Every year, over 25,000 cattle are taken to slaughter to be disposed of as a result of Bovine Tuberculosis (TB). Previous Bovine TB control methods have cost the UK Taxpayer B#500 Million per year, which is estimated to rise to over B#1 Billion per year if nothing changes. There has been a huge outcry and fight against the cull by animal rights organisations such as the RSPCA and Save the Badger, who argue that evidence for Badger's spreading the disease is inconclusive and that Badgers are not common enough to have a significant impact on the spread of the disease. Farmers Associations and Government Bodies have won the argument for a cull in light of solid evidence, as it has now been proven in a pilot cull scheme organised by the government that the reduction of Badgers in an area significantly reduces the incidences of Bovine TB in farm animals such as badgers, camelids (llamas and alpacas), goats, pigs, deer, dogs and cats. Having glanced through the government literature, and researched badgers, it would seem the cull is aimed at areas of the country (particularly the West and South West) where badger populations are disproportionately high and are known to be carriers of Bovine TB. Being a great lover of Badger's I personally am torn - the evidence in favour of the cull is pretty concrete, and as a keen shooter & hunter I understand the need for controlling animals in a heavily populated country where pressure on farmers is very high; however I would also like to know what research has been carried out on other animals and their impact on the spread of TB - if Badgers are to be subject to a mass cull then do deer and foxes not also need to be investigated to the same degree? What is your view on the Badger cull? Please let us know your comments via our facebook page or in the comments section below. Useful links:
Having wild birds in your garden has many benefits. As well as being enjoyable to watch and listen to, they also keep pests such as earwigs, slugs and snails at a manageable level. Rural and urban gardens appear twice as beautiful when there are regular visits from wild birds - though I live in the middle of Chichester I have regular visits from house sparrows, blackbirds, robins, blue tits, woodpigeons, green finches, nuthatches, thrushes, starlings, and have even had a sparrow hawk atop my garden shed (eating a sparrow!). To benefit from regular visits from wild birds all you need do is provide food and shelter... You can use a purpose built table, buy feeders to hang off trees, or even make your own out of a plastic bottle! Birds will eventually find and use any feeding stations you provide, however you will have the best success if they meet certain criteria:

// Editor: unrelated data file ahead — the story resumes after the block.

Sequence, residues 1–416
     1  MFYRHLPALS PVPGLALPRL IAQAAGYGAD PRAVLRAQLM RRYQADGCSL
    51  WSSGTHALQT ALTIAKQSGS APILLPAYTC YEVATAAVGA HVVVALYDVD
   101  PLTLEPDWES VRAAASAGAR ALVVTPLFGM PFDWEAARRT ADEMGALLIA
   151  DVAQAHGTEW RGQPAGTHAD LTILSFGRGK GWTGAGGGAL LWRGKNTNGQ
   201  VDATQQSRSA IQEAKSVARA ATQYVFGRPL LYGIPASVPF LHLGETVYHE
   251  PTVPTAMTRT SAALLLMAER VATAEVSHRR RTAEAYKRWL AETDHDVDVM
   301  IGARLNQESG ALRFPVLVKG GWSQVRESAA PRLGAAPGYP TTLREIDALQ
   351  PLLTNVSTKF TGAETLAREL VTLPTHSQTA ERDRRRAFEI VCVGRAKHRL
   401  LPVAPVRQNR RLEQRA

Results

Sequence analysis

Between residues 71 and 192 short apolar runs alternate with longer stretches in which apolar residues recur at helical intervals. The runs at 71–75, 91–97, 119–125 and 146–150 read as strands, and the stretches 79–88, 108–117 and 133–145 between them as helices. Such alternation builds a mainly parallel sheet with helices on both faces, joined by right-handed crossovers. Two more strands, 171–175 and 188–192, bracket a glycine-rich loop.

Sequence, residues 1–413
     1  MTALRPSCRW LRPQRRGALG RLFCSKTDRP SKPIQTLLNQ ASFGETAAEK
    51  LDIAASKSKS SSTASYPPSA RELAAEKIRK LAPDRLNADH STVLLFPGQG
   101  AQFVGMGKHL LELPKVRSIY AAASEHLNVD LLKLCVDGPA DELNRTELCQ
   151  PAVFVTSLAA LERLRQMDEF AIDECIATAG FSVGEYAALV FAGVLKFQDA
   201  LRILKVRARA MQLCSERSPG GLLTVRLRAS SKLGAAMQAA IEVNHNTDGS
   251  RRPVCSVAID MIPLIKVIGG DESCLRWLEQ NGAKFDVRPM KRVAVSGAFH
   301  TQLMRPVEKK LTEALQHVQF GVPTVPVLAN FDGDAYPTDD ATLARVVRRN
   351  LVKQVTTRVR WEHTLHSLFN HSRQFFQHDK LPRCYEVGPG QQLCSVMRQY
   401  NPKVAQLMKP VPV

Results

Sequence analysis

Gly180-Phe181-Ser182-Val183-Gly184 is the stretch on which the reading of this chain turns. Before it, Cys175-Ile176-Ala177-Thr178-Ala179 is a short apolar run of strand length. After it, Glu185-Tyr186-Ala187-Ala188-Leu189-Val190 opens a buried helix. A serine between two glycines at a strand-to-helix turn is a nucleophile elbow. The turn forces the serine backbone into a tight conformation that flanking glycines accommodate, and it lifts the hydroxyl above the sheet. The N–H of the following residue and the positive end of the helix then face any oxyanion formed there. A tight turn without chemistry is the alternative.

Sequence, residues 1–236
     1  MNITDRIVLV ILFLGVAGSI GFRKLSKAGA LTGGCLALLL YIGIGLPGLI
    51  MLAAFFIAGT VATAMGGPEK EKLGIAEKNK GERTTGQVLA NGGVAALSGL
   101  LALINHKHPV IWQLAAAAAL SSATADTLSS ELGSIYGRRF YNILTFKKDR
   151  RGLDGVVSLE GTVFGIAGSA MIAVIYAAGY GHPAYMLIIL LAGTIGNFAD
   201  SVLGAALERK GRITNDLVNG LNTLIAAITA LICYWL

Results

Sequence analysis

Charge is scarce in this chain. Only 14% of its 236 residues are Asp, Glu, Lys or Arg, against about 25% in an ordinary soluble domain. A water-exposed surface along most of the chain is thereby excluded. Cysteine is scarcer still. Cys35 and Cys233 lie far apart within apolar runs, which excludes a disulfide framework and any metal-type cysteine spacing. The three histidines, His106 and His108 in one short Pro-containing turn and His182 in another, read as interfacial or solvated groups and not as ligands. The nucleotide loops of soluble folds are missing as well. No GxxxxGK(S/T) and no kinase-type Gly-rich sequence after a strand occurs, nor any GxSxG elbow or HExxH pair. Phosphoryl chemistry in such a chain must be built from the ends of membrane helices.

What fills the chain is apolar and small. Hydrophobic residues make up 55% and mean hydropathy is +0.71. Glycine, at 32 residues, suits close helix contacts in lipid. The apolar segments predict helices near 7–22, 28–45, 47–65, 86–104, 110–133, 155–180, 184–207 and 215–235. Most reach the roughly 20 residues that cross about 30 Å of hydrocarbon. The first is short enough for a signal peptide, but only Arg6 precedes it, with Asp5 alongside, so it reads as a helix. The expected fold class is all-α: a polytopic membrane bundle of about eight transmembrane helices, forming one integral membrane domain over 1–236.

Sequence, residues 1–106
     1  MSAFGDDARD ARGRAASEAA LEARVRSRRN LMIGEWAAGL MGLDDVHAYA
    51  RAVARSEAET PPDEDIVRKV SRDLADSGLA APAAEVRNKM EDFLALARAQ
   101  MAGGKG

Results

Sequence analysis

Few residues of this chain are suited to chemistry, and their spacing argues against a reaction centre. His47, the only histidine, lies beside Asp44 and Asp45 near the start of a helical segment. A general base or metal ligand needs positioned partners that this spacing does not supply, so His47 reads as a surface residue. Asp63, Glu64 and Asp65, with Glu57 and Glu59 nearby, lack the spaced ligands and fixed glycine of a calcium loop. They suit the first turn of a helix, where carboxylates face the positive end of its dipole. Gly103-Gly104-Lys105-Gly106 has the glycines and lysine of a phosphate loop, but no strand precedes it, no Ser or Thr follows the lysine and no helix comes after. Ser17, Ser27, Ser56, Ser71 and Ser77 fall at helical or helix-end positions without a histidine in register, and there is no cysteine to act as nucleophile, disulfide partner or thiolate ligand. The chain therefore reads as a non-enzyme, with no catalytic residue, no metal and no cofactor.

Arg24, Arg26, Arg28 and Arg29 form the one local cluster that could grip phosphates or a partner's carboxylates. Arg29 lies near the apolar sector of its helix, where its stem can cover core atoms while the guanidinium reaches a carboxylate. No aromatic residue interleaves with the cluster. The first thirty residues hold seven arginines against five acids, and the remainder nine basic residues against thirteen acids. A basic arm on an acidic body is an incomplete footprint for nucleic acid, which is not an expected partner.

- Height - about 5ft is the best height as it's not so close to the ground that they are at danger from cats, and not so high up that they are exposed to birds of prey. Put a bell on your cat if it spends a lot of time in the garden
- Safety - feeders placed in or near trees and hedges are always preferable as it gives the birds a chance to scope out the station before they land, and a safe retreat if they are startled. Avoid putting it too close to the house as they will be startled by noise and movement through windows - get some good quality binoculars if you want to see them up close!
- Consistency - there must always be food at your feeding station for them. Birds burn a lot of energy flying, so if they waste energy flying to a feeding station that is empty they are not as likely to return on a regular basis. Birds will also follow other birds of different species to see where they are feeding, so remain patient even if you only get sparrows to start with
Good quality seed and fat balls are ideal, however this can be expensive so I often simply leave food scraps such as bread-ends and left over vegetables for them. Avoid making fat balls and feeding biscuits as these are bad for birds' health. I also have a bird bath, and I leave a tennis ball floating in it in the winter to stop it freezing. If you want birds to nest in your garden avoid the temptation to buy the pretty hanging wicker ones - they won't be used! Birds will nest in either hedgerows or a correctly placed box. A box should ideally be:
- South Facing - this means it will get the most of the sun and remain warmer for longer. Less energy spent keeping warm means an easier time for the parents
- Of Suitable Size & Build - you won't get a blue tit in a big drafty box with a huge entrance hole as they will be too exposed to predators and weather. Choose your bird house according to the species you want to attract
- Safe and Quiet - Try to put your bird house at least 8 feet above the ground and away from human and animal traffic. Also ensure the only way it can be reached is by something with wings as rats and grey squirrels will eat eggs and young chicks. If you want to attract small birds the perch should be too small for magpies to land on
As the human population grows the natural environment for many of our native birds diminishes. So by making a few small changes we can provide a suitable alternative habitat for songbirds and their natural predators in our gardens and borders. Fur Feather & Fin - Country Sporting Gifts